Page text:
Intermediaries are not new to the welfare system. Prior to the implementation of TANF, some welfare offices used intermediaries (often referred to as employment and training service providers) to operate all or part of their Job Opportunities and Basic Skills training (JOBS) programs. Intermediaries also provide services to welfare recipients and other low-income job seekers through the Job Training Partnership Act (JTPA) programs. In addition, some community-based organizations act as intermediaries, helping unemployed community residents (some of whom are welfare recipients) find employment, often in conjunction with participation in other programs.
Given the broad range of organizations that might be classified as intermediaries in any one community, we sought to develop a definition of an intermediary that would allow valid comparisons across communities. After considering several definitions, we established two criteria that an organization had to meet to be classified as an intermediary for purposes of this study:
- They must provide services that help link welfare recipients with jobs.
- They must have a formal relationship with the welfare office or other administrative entity that has responsibility for moving welfare recipients into the labor market.
In an effort to maintain a focus on intermediaries who link welfare recipients with jobs we explicitly excluded two potentially large groups of organizations that often are thought of as intermediaries: (1) organizations that provide only supportive services (such as child care, transportation, food, clothing or legal assistance) and (2) organizations that offer only education or training services without a job placement component [such as Adult Basic Education (ABE), English as a Second Language (ESL) and General Equivalency Diploma (GED) programs and some community college education, vocational education or training programs]. While narrow in some respects, this definition made it possible to gather and compare information on the universe of intermediaries within select communities in a relatively short time frame and with modest financial resources.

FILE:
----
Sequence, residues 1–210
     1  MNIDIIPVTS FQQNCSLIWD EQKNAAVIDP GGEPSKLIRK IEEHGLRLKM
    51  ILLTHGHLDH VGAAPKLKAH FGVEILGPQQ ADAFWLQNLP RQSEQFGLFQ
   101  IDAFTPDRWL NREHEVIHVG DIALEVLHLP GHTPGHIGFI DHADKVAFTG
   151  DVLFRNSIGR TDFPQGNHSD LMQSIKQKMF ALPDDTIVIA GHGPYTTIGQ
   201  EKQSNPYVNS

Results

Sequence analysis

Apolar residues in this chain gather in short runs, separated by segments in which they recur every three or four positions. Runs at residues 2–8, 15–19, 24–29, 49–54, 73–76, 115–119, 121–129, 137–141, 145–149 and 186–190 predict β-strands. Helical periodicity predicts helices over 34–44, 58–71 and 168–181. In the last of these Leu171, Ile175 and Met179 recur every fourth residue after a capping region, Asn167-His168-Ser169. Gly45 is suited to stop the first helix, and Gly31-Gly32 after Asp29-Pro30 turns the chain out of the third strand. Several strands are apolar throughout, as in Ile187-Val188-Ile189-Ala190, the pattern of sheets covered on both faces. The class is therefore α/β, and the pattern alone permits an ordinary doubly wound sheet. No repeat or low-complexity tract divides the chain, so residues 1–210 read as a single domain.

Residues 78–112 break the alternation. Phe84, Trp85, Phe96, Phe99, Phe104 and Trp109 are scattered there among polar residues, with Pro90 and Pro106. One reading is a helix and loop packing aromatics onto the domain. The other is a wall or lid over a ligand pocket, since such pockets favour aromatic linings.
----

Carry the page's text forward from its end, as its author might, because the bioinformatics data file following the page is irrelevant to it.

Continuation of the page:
To distinguish the various roles intermediaries play in helping link welfare recipients with jobs we classify intermediaries into two groups, primary and secondary intermediaries. Primary intermediaries provide job search and placement assistance, and sometimes case management, to most TANF recipients who are mandated to find employment. Secondary intermediaries operate work experience, education, training, supported work, job retention, advancement or other specialized employment programs for a more limited pool of recipients.
|What Is an Intermediary?|
|Intermediary||An organization that has responsibility for linking TANF recipients with jobs through a formal relationship with the state or local entity responsible for the administration of TANF or Welfare-to-Work employment programs.|
|Primary Intermediary||An intermediary that operates a job search and placement assistance program targeted to most TANF recipients who are required to find employment.|
|Secondary Intermediary||An intermediary that operates a work experience, education, training, supported work, job retention, advancement or other specialized employment program for a limited pool of TANF recipients.|